Lesson 1, Topic 4
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Composite Classes

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Composite classes are where two levels are combined in one class (e.g. students from Class Level 3 and Class Level 4 are placed into the same group).  Teachers should refer to the curriculum documents for both levels to inform their teaching of composite classes and select appropriate Themes, Focus of Study and Learning Experiences and Language and Skills for their cohort of students. 

Although, two curriculum documents are used with a composite class, it is recommended teachers aim for students to achieve the higher of the two level’s Learning Outcomes.   That is, moving from the lower of the two class level’s Learning Outcomes and working towards achieving the next level’s Learning Outcomes. Teachers should therefore differentiate their teaching by working on the same materials but by providing extra scaffolding and support to ensure the lower level students are able to succeed.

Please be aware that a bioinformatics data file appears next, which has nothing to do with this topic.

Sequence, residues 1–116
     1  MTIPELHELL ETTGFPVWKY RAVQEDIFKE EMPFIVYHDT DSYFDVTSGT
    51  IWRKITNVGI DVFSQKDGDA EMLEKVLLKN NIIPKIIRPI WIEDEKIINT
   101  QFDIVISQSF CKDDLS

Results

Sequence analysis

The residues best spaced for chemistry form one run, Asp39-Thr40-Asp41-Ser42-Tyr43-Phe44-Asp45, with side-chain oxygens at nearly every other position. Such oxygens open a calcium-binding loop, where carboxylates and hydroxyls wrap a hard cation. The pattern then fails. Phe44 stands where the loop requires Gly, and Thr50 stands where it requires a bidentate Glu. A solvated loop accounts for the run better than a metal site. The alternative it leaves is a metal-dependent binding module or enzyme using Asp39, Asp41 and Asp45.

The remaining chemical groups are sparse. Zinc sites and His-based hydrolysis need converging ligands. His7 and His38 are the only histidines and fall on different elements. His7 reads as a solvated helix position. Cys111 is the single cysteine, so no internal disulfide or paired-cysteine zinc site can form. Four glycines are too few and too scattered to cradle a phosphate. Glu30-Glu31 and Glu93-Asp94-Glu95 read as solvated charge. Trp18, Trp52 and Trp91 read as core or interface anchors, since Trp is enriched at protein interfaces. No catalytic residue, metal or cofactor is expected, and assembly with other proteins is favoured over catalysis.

All students in the composite class should complete the same assessment tasks (see 3. Approach to Assessment for more details about implementing assessment.) However, each assessment task’s Learning Outcomes and criteria rubric should be adjusted to match the Learning Outcomes for the class level of the student.  For example, students in a Class Level 1 and 2 composite receive the same assessment task but a student who is from Class Level 1 should be marked according to the Learning Outcomes 2 and a student from Class Level 2 should be marked according to the Learning Outcomes 3.

When students are placed in composite classes consecutively, teachers should modify Themes, Focus of Study and Learning Experiences, Language and Skills as well as teaching resources and assessment tasks to ensure students are provided with a range of different learning experiences.